How NASA detected that El Niño changed the salinity of coastal waters| Trending Viral hub

New findings have revealed a coastal area very sensitive to changes in runoff and rainfall on land.

After helping to generate record heat in 2023 and drenching large areas of the United States this winter, the current El Niño is losing strength this spring. Scientists have observed Another way in which the climate phenomenon can leave its mark on the planet: by altering the chemistry of coastal waters.

A team at NASA’s Jet Propulsion Laboratory in Southern California used satellite observations to track the content of dissolved salt, or salinityof the global ocean surface for a decade, from 2011 to 2022. At the sea surface, salinity patterns can tell us a lot about how fresh water falls, flows and evaporates between land, ocean and atmosphere, a process known as The water cycle.

The JPL team showed that year-to-year variations in salinity near coasts are strongly correlated with the El Niño Southern Oscillation (ENSO), the collective term for El Niño and its counterpart, La Niña. ENSO affects climate around the world in contrasting ways. El Niño, linked to warmer-than-average ocean temperatures in the equatorial Pacific, can bring more rain and snowfall than normal to the southwestern United States, as well as drought in Indonesia. These patterns reverse somewhat during La Niña.

During the exceptional El Niño event of 2015, for example, scientists detected a particularly distinctive effect on the global water cycle: lower precipitation over land caused a decrease in river discharge on average, which in turn led to noticeably higher salinity levels in such distant areas. about 125 miles (200 kilometers) from the coast.

On other occasions, the opposite was found: Areas with above-normal land rainfall experienced increased river discharge, reducing salinity near those coasts.

“We are able to show the response of coastal salinity to ENSO on a global scale,” said lead author Severine Fournier, an ocean physicist at JPL.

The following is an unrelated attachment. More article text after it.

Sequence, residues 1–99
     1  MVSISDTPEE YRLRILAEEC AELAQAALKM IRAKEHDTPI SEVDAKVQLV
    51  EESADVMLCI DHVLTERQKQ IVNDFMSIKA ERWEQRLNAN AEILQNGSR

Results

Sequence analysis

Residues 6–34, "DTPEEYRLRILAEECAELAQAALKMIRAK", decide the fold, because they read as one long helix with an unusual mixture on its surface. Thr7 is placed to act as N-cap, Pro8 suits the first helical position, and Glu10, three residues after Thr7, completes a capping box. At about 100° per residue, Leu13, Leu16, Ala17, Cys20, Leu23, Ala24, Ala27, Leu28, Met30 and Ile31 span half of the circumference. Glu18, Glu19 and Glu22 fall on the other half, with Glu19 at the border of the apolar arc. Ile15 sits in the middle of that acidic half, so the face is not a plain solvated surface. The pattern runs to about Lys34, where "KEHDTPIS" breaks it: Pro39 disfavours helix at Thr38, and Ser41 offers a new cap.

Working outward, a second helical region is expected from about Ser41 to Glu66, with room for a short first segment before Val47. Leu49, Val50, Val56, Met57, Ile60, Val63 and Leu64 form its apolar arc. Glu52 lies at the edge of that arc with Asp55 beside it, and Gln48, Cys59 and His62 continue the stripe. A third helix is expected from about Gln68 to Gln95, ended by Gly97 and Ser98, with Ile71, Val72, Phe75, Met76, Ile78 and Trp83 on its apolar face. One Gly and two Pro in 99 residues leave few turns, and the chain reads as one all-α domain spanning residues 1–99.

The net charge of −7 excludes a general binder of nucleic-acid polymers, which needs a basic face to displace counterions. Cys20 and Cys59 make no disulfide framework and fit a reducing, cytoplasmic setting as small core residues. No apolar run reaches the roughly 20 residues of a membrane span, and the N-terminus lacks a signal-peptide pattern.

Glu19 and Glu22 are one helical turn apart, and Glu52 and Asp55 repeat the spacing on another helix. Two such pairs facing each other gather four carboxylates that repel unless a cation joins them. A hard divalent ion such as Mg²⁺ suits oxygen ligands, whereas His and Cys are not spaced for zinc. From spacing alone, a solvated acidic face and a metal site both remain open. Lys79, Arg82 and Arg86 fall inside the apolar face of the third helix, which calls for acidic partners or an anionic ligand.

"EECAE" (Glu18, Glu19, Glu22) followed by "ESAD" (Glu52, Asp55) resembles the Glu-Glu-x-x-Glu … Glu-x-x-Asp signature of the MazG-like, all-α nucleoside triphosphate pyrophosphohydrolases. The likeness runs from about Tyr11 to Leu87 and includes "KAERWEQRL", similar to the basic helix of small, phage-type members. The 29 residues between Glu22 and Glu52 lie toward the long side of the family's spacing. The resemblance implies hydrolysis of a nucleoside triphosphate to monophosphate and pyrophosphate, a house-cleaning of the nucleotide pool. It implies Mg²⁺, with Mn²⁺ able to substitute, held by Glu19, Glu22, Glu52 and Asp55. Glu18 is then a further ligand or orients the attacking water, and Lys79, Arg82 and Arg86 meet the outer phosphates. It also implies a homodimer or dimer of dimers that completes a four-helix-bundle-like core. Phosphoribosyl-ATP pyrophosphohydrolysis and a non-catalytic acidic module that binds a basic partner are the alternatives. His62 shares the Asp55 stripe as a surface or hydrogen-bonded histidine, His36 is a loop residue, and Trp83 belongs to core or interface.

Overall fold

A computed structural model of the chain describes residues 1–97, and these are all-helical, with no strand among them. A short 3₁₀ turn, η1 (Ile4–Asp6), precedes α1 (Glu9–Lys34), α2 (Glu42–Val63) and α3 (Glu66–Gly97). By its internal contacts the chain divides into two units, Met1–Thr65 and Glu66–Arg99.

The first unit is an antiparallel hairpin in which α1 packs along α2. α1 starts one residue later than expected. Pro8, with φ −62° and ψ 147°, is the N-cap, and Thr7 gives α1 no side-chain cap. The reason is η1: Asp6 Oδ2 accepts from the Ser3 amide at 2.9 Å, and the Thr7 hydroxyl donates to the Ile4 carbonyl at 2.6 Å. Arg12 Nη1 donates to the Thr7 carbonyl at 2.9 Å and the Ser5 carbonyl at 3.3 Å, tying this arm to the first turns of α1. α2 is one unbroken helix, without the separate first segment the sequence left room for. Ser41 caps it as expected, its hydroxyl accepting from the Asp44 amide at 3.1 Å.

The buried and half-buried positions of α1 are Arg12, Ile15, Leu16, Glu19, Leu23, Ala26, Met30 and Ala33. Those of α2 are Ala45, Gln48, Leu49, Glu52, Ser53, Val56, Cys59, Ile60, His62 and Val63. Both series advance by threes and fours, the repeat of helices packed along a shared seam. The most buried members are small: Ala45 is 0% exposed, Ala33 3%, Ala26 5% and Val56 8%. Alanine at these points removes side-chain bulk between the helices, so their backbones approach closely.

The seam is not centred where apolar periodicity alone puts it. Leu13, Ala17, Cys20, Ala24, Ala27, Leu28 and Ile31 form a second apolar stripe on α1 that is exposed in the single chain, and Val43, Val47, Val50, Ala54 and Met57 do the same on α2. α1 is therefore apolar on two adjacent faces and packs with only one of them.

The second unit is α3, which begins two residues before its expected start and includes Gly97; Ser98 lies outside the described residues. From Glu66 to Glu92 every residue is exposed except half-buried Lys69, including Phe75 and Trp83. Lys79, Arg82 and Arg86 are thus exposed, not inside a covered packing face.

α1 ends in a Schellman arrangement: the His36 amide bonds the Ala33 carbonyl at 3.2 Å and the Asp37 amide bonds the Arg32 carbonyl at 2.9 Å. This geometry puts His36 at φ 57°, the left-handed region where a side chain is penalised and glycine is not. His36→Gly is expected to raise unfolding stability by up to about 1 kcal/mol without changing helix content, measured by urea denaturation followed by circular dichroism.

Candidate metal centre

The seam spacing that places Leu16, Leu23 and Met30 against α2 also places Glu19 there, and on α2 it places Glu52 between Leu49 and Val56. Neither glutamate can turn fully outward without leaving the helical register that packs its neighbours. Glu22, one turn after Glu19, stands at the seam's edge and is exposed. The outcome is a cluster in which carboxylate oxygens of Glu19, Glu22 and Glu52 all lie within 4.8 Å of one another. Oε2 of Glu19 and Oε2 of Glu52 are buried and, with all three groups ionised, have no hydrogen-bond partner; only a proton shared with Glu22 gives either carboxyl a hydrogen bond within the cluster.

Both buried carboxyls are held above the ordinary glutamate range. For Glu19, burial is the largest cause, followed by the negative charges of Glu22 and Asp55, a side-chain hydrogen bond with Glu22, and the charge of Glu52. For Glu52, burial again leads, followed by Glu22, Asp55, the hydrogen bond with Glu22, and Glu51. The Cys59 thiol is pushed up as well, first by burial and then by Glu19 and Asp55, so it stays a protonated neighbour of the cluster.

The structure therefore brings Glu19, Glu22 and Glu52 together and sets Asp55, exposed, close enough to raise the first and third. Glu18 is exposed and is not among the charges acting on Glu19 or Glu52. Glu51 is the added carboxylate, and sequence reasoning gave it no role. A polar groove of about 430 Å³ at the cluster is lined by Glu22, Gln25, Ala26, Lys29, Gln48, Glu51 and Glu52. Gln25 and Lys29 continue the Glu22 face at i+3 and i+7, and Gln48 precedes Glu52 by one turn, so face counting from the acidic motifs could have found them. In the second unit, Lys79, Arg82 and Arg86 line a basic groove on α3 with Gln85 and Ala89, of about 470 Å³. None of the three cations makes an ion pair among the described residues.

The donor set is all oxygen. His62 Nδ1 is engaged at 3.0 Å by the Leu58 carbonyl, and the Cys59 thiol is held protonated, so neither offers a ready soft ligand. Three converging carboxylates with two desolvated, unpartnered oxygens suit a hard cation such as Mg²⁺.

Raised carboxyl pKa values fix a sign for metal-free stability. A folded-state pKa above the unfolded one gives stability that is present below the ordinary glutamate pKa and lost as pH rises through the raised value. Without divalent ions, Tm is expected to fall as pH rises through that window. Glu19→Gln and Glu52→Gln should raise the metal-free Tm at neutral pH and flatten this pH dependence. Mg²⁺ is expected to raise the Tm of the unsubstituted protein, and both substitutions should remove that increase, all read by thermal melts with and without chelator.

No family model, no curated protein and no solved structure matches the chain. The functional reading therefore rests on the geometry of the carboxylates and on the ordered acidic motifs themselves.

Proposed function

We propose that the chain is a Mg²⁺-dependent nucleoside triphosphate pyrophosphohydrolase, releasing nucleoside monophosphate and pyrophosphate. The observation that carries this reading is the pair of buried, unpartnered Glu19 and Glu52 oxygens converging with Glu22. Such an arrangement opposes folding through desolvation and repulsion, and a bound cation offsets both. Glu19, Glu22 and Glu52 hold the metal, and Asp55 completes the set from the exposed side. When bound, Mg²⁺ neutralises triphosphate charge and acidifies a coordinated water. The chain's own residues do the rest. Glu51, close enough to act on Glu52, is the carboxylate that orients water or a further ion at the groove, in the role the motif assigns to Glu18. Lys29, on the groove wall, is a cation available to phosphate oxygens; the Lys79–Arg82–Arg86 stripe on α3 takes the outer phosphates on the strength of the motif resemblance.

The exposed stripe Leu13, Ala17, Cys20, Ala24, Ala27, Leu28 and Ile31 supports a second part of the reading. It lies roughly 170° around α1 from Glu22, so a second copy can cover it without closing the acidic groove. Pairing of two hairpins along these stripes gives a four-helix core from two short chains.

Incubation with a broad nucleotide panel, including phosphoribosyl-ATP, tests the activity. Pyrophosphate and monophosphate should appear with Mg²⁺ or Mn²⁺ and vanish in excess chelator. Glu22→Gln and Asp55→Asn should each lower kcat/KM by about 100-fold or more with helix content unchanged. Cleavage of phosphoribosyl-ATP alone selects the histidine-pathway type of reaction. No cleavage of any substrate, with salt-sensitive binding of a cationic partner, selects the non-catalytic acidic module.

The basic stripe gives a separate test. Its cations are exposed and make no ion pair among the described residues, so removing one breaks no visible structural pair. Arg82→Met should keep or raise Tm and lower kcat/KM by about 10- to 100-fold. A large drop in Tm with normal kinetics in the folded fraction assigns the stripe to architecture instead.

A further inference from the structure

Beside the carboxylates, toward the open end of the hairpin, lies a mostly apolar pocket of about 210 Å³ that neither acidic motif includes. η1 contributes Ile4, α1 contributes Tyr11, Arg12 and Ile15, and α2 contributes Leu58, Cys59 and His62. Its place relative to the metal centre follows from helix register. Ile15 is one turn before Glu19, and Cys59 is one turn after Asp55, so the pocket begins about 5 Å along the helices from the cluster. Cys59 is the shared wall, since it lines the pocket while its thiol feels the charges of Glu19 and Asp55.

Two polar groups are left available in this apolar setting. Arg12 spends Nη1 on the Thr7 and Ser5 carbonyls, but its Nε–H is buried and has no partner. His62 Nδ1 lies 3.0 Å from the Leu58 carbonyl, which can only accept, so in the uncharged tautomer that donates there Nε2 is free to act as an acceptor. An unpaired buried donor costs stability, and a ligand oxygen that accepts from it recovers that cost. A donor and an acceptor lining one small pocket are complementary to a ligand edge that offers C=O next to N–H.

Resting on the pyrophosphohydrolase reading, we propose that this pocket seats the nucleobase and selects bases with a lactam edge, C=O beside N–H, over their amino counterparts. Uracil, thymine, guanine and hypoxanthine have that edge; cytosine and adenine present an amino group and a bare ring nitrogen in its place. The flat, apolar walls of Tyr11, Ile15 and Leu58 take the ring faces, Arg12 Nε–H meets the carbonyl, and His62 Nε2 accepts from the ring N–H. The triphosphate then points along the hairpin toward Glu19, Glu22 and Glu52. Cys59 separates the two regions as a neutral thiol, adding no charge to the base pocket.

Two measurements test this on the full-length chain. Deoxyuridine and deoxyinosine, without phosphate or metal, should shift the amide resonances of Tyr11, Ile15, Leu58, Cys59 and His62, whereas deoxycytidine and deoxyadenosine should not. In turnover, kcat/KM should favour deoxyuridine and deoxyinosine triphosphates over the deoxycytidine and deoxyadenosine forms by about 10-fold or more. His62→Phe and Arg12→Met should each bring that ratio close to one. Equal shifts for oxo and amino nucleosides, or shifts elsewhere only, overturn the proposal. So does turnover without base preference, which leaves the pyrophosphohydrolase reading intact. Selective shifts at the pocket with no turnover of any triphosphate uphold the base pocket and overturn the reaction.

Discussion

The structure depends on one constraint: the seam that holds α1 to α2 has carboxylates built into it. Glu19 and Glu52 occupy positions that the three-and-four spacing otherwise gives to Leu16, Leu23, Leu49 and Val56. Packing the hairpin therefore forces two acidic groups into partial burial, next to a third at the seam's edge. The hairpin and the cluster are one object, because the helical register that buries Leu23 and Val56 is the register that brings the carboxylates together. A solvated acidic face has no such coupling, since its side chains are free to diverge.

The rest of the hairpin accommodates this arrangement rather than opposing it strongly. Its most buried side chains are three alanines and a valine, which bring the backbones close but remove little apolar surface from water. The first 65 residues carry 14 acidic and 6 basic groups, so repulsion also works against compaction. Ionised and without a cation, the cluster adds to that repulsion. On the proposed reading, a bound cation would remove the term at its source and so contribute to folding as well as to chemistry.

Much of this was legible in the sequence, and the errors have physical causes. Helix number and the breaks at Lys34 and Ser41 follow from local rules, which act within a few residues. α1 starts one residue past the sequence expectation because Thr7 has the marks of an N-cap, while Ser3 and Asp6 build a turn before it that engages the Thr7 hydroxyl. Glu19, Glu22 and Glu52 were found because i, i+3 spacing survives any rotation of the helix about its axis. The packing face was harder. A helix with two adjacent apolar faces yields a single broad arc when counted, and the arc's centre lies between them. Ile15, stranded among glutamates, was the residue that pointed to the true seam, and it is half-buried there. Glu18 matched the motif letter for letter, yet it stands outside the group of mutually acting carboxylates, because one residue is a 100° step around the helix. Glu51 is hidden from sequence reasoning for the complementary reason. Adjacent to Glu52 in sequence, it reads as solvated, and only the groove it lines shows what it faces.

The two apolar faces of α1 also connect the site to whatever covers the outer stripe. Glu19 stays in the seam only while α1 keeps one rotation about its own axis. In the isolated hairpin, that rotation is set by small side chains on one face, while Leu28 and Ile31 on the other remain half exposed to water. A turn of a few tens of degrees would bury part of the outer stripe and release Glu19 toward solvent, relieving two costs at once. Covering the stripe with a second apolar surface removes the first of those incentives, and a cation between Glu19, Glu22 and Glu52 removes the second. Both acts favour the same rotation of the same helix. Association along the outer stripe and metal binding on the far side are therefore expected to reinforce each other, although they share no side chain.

The team found that salinity is at least 30 times more variable in these dynamic nearshore zones than in the open ocean. The link between rain, rivers and salt is especially pronounced at the mouths of large river systems like the Mississippi and Amazon, where plumes of freshwater can be mapped from space as they flow into the ocean.

With global warming, researchers have been observing changes in the water cycle, including increases in extreme precipitation and runoff. At the intersection of land and sea, coastal waters may be where impacts are most detectable.

“Given the sensitivity to precipitation and runoff, coastal salinity could serve as a kind of indicator, indicating other changes that are developing in the water cycle,” Fournier said.

He noted that some of the world’s coastal waters are not well studied, even though about 40% of the human population lives within about 60 miles (100 kilometers) of the coast. One reason is that river gauges and other in-situ monitors can be expensive to maintain and cannot provide coverage of the entire planet, especially in more remote regions.

That’s where satellite instruments come in. Launched in 2011, the Aquarium The mission made some of the first global space-based observations of sea surface salinity using extremely sensitive radiometers to detect subtle changes in ocean microwave radiation emissions. Aquarius was a collaboration between NASA and the Argentine space agency, CONAE (National Commission for Space Activities).

Today, two higher resolution tools: soil moisture and ocean salinity from ESA (European Space Agency) (SMOS) mission and passive active soil moisture (SMAP) mission: will allow scientists to get within 25 miles (40 kilometers) of the coasts.

Using data from all three missions, the researchers found that surface salinity in coastal waters reached a global average maximum (34.50 practical units of salinity, or PSU) every March and fell to a global average low (34.34 PSU) around September. (The PSU is approximately equal to parts per thousand grams of water.) The discharge of rivers, especially the Amazon, drives this moment.

In the open ocean, the cycle is different: surface salinity reaches a global average minimum (34.95 PSU) from February to April and a global average maximum (34.97 PSU) from July to October. The open ocean does not show as much variability between seasons or years because it contains a significantly larger volume of water and is less sensitive to river discharge and ENSO. Instead, changes are governed by planetary-scale precipitation minus total global evaporation, plus other factors such as large-scale ocean circulation.

The study was published in the journal Geophysical Research Letters.

Jane J. Lee / Andrew Wang
Jet Propulsion Laboratory, Pasadena, California.
818-354-0307 / 626-379-6874
jane.j.lee@jpl.nasa.gov / andrew.wang@jpl.nasa.gov

Written by Sally Younger

2024-035

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